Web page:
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Grass-fed Beef is Best

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Grass-fed Beef is Best

Grass-fed Beef is Best
May 21
09:35 2012

Feeding cattle on grass throughout their lifecycle is the most environmentally sustainable way to rear beef, according to new research commissioned by the National Trust in Britain.

One of the biggest global challenges is how to increase food security whilst reducing the environmental impacts of food production. Livestock – like cattle and sheep – produce high levels of methane as part of the process of digesting grass. This has led to suggestions that intensive production methods – where cattle are fed largely on cereals, producing less methane – should be preferred over more traditional grass fed livestock farming.

However,  research at ten National Trust farms shows that while the carbon footprint of grass-fed and conventional farms were comparable, the carbon sequestration contribution of well-managed grass pasture on the less intensive systems reduced net emissions by up to 94 per cent, even resulting in a carbon ‘net gain’ in upland areas. The farms that had recently converted to organic status showed even greater gains.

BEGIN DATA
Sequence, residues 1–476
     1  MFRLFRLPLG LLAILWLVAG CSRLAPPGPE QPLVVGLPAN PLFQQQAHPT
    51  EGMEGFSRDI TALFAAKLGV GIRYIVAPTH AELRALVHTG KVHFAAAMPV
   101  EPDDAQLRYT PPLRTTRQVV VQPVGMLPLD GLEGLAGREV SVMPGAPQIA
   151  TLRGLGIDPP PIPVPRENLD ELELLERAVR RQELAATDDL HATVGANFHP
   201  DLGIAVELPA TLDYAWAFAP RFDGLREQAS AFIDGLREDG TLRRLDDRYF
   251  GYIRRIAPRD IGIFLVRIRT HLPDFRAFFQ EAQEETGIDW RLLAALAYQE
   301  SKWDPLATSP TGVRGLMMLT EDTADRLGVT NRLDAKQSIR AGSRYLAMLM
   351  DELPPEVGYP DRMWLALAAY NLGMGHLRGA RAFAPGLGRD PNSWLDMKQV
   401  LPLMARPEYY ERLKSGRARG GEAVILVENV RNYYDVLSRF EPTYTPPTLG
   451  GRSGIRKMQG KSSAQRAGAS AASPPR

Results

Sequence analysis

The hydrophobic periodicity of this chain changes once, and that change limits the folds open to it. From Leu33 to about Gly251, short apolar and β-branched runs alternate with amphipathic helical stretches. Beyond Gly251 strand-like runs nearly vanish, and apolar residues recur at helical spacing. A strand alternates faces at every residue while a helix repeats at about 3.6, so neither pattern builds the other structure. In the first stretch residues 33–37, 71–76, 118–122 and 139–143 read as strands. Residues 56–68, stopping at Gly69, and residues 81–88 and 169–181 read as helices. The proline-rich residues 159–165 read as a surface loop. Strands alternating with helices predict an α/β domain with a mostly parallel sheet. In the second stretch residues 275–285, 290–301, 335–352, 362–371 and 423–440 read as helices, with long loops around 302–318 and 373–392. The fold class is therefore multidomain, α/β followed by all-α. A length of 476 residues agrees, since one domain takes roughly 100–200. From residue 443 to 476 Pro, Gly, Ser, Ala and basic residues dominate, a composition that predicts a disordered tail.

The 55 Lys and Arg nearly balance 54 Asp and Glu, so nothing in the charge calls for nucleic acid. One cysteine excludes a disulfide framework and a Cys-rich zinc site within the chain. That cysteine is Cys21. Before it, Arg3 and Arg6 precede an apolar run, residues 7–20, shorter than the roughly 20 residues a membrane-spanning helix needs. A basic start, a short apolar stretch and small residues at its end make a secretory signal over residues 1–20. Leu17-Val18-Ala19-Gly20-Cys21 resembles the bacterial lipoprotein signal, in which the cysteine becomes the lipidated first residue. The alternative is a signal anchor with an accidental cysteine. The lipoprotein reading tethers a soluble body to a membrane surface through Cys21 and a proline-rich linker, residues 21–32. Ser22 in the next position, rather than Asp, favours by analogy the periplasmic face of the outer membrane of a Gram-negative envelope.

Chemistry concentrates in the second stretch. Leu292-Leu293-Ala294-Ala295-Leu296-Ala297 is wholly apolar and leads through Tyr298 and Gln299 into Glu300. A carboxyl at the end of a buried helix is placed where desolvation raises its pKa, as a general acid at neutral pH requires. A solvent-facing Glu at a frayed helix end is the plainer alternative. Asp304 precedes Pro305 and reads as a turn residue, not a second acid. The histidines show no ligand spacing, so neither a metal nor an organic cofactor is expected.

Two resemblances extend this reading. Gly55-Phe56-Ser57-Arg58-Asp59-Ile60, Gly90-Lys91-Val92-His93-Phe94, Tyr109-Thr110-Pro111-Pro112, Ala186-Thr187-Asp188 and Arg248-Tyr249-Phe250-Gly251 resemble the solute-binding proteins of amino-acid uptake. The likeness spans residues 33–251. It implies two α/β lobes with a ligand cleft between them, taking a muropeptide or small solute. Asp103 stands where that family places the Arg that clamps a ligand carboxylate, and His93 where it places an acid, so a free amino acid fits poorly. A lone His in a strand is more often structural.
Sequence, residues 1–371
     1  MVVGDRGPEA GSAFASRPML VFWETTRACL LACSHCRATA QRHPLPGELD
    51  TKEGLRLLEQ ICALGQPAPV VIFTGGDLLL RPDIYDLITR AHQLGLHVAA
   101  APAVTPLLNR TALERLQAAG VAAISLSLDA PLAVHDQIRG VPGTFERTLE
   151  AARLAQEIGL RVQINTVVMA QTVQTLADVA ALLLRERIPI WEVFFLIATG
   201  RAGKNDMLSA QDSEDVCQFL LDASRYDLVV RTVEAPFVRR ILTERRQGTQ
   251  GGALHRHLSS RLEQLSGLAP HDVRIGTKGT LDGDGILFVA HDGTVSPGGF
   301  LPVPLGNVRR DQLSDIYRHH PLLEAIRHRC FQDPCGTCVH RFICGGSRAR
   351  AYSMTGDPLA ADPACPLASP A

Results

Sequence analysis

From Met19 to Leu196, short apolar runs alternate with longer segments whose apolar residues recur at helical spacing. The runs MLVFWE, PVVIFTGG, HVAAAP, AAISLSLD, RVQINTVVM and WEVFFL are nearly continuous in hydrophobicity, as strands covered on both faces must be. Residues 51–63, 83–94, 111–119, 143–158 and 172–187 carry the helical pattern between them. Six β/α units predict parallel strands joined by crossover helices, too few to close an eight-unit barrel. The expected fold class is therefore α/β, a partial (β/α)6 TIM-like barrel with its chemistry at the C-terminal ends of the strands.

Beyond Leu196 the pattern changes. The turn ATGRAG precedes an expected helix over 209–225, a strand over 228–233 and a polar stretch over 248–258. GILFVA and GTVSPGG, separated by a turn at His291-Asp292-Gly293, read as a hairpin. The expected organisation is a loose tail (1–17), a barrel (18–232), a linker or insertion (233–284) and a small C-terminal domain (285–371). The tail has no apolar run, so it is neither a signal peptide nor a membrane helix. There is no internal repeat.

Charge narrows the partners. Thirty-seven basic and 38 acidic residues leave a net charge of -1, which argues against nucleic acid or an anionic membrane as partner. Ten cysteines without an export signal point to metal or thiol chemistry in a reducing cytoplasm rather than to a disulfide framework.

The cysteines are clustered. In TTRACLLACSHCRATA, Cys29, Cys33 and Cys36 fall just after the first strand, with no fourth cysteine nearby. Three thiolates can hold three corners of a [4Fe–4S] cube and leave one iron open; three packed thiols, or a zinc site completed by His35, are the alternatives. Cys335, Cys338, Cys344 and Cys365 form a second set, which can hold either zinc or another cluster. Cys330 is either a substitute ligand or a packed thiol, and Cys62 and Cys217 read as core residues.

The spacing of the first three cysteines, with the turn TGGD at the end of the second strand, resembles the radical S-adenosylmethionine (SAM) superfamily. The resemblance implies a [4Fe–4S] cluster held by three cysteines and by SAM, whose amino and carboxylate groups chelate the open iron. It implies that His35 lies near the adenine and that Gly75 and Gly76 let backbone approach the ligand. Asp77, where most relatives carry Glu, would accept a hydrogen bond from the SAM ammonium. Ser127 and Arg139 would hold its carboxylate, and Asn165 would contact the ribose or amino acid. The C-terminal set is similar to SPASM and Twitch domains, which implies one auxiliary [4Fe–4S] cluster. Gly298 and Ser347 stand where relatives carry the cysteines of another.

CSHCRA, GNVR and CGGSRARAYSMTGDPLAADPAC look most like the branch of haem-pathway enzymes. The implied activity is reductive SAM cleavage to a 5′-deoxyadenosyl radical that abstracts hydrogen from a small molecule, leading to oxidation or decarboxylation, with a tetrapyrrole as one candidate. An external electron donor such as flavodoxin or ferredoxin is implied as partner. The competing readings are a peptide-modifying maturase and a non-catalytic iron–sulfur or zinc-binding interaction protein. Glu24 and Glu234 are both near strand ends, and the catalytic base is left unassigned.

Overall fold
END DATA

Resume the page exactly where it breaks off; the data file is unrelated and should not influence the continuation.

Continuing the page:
Rob Macklin, national agriculture and food adviser at the National Trust, comments: “The results are contrary to recent thinking that livestock farming methods must intensify further in order to lessen carbon emissions to feed an ever-increasing world population. Maximising carbon efficiency alone is too simplistic. Many less intensive livestock systems would be classed ‘inefficient’ on the carbon emission scale, yet are much less reliant on artificial inputs and tend to have less impacts on water quality, loss of soil organic matter and reduced biodiversity.”

He adds: “We believe that optimised beef production – deliberately accommodating less than maximum output in order to secure stronger and broader ecosystem protection – is the best sustainable use for the grasslands in our care. The debate about climate change and food often calls for a reduction of meat consumption and a more plant based diet, but this often overlooks the fact that many grasslands are unsuitable for continuous arable cropping.”

Other recent research found that the health benefits of beef (and lamb) are greater when animals are fed totally on grass – their natural food. Omega 3 fatty acids – recognised as essential to good physical and mental health – are higher in meat from grass and the levels of saturated fat are a third of grain fed beef.

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